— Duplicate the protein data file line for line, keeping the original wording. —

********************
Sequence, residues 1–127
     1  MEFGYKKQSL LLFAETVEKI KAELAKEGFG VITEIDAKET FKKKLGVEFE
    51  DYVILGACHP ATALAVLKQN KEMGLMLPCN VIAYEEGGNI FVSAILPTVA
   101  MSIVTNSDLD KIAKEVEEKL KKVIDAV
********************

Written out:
Sequence, residues 1–127
     1  MEFGYKKQSL LLFAETVEKI KAELAKEGFG VITEIDAKET FKKKLGVEFE
    51  DYVILGACHP ATALAVLKQN KEMGLMLPCN VIAYEEGGNI FVSAILPTVA
   101  MSIVTNSDLD KIAKEVEEKL KKVIDAV